Orleans in a few (dozen) pictures

Cathedral 《 Sainte Croix d’Orleans 》:

Le petit train starts its journey in front of the cathedral:

The little train travels around Orleans’ ancient town:

Every corner of every street is marked by the figure of Jeanne d’Arc on her horse, who helped liberate the city from the English in 1429.

House of Jeanne d’Arc:

At the end of the trainride, I took to the pedestrian passages of the ancient town.

Emperor road with its wood-sided houses:

The garden of hotel Groslot and the remains of the former chapel 《 Saint Jacques 》:

Inside the cathedral:

Groslot hotel:

Some shopping before the apero:

On weekends a little book market installs itself on Place du Martroi.

Orleans is situated on the Loire:

Back into the ancient town:

Museum of history and architecture:

Orleans is a very pleasant town to visit, especially during sales.

Near the Breton border

All this copious French food meant I was due for a morning run. I headed towards Kermoisan, passing by the many “biscuiteries Bretonnes”.

I passed by the lovely hamlet of Tregate:

Outside of Tregate were the salt marshes of Guerande, which form a spider’s web on Google maps.

The paludier’s belongings are put to rest on Sunday:

In the background you can see the Saint Guenole in Batz-sur-mer.

The salt marshes are defined by muddy paths, which all but ruined by trainers.

I rejoined the road, going up midway through the saltmarshes before walking along the road to Pouliguen.

The “port de plaisance” in Pouliguen:

Which continues along the beach of La Baule escoublac:

In the afternoon, it was time to settle back and enjoy the sun.

Or for those with more sunburn-prone skin, slowly hide in the shade of the tent.

Dinner tonight was a Greek feast:


Today I had a boat excursion with the family from Pornic to Noirmontier. (Skipping the day that involved 25 hours traveling by plane and train to get there)

In the early morning, I prepared my pack lunch:

Pornic is a lovely little town:

All aboard the pirate boat:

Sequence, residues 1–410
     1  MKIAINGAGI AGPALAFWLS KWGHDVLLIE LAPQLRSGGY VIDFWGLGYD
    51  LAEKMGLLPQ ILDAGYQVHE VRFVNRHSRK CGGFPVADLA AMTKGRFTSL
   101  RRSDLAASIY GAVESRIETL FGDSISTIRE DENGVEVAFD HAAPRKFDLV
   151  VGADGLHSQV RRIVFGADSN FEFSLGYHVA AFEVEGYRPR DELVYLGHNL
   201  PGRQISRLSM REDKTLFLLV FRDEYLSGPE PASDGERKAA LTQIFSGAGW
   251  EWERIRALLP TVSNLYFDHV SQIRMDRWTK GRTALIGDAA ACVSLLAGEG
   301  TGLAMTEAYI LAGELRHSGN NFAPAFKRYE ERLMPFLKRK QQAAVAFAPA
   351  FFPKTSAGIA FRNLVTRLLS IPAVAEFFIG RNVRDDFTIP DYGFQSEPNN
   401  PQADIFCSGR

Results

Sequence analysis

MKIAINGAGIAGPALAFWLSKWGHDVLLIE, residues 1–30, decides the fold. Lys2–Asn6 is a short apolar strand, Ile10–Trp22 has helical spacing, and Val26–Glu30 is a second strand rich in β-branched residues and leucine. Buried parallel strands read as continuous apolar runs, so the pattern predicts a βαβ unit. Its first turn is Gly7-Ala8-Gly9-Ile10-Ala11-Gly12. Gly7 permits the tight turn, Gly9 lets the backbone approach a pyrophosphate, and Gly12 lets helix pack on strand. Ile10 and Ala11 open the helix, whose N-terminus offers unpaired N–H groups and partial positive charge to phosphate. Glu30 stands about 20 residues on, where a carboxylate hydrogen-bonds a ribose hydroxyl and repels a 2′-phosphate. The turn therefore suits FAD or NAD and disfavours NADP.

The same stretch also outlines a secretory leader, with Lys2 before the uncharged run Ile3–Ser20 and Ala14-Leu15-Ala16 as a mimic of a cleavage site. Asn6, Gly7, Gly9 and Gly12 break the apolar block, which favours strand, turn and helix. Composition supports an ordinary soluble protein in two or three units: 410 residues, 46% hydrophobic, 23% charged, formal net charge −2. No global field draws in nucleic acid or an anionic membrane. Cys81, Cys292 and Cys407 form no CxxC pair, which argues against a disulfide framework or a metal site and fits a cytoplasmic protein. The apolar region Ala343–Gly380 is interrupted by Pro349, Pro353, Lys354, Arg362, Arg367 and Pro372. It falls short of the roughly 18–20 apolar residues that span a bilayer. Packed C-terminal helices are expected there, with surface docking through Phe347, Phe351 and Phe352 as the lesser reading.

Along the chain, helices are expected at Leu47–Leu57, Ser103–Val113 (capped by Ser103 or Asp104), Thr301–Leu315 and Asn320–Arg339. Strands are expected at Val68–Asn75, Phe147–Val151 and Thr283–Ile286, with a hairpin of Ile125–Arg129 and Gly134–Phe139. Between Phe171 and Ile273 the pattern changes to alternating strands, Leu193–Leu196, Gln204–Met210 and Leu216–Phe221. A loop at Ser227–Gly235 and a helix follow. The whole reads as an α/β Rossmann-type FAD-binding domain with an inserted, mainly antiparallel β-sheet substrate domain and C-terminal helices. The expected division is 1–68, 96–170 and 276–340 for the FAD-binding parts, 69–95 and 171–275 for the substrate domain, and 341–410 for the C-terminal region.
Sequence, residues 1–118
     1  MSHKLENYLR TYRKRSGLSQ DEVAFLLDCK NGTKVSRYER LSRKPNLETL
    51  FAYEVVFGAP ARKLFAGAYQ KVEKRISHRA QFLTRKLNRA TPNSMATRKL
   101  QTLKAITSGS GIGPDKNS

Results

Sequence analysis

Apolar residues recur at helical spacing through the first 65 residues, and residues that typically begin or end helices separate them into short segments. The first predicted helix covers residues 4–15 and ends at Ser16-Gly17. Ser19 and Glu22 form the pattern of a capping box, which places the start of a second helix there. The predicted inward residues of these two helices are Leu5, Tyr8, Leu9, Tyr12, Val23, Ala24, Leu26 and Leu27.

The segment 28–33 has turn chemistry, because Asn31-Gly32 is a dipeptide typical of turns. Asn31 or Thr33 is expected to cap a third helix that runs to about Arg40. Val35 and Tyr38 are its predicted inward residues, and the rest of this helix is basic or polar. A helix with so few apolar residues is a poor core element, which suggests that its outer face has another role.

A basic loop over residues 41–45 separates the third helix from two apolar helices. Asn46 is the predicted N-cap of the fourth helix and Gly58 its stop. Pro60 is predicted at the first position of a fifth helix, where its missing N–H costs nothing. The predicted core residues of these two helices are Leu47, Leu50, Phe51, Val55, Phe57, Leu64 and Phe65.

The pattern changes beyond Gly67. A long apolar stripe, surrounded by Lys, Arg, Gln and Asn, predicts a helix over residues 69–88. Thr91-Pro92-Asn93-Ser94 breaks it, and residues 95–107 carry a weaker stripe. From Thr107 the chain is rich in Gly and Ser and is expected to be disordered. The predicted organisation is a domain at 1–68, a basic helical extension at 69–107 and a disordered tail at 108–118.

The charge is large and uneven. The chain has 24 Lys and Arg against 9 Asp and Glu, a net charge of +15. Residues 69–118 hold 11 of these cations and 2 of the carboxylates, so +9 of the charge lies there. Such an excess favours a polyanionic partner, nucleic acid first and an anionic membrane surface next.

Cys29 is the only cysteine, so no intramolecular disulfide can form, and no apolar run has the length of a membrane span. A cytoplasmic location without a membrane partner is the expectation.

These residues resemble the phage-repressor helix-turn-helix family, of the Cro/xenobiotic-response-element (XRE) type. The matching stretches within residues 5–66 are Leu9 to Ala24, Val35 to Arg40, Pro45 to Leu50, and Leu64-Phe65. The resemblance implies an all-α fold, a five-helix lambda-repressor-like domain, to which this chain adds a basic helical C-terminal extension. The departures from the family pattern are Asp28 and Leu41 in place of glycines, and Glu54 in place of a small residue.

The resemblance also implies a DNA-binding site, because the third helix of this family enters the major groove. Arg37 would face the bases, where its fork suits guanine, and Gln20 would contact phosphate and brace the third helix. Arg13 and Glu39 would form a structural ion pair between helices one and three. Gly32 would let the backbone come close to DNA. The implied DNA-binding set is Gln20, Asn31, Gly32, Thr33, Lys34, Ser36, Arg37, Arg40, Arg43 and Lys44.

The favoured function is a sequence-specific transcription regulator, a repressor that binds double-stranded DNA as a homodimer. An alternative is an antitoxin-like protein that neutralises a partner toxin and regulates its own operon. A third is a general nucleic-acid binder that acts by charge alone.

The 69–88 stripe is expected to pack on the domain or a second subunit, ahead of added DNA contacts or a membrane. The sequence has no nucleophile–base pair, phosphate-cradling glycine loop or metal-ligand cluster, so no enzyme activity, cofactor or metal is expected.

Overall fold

Hidden underneath the deck was a very French breakfast:

The ship is run by a Sailor dog named Jasmine:

Breakfast was served

Under his watchful gaze.

At this point, everyone on the boat was looking very French.

Before landing at Noirmontier, It was aperitivy time:


The family settled camp for lunch, causing fellow travellers to flee:

A little beach nearby with cute huts on stilts:

Another, larger beach with villas on the side.

The old lighthouse:

Tourists strictly following the rules:

Sailor dog led the taxi back to the ship:

Finishing a very French day with a French summer time dinner: pate-en-croute, jambon, rillettes, cornichons, salade et melon!

Hong Kong 5

Along the waterfront is the Sun Yet Sen memorial park.

The high speed ferry to Macau :

Tennis at dynasty club, among the skyscrapers:

The game was interrupted by another outburst of rain.

Lunch was also in dynasty club:

Yuanyang is a mixture of 50% latte, 50% milk tea.

Deep fried crab salad:

Pork chop rice:

On the way to Wan Chai market, I grabbed a shake shake fries from McDonald’s (kimchi flavoured).

At Wan Chai market, I bought some clothes to blend in with the locals:

(At the time, I didn’t realise this was meant for a wine bottle)

I took the tram back

Passing by some herbal Chinese medicine and dried fish shops.

$$$ Ginseng $$$

In the afternoon, I visited a overpriced Sailor Moon-themed cafe.

Roses = buns, drink = shaved ice Rosie peach

Finished the day with takeaway.

And a drink in a hotel bar:

With a very fancy bathroom.

Hong Kong 4

I woke up early at 4:30am to climb up to Victoria peak for a sunrise view.

The alternative is just to take a taxi up (Not a bad idea).

Instead of staying at the viewing platform, I climbed up to the actual peak (next to a water supply station):

It was very foggy so there wasn’t much of a view.

I then walked down to Victoria peak garden.

It was here that I came across a female Nephila pilipes’ web.

One of the largest spiders in the world

The garden has paths surrounding the peak but there wasn’t much that was visible.

I then went down to the Lion viewing platform.

And took the cable car down.

It’s looks a bit Harry Potter-themed.

The cable car’s terminus is in Hong Kong park, which is quite peaceful in the morning.

You can climb up this tower to see a view of the concrete forest.

Next to it is the Fighting SARS memorial:

Tired, I walked to the closest Starbucks, which happened to be Bing sutt-themed, a Hong Kong cafe in the 50s.

I had a red grape jelly frappuccino and lemon & lavender scone.

At the central pier, I visited Hong Kong’s maritime museum.

Hong Kong eye:

Man Mo temple:

Man Mo temple is located on Hollywood road, which has lots of antique shops.

There’s a road from here that leads to Western market.

(Picture from tram last night)

The first floor is dedicated to cloth sellers, who mainly sell silk.

I stayed on the ground floor, enjoying an iced toddy palm juice.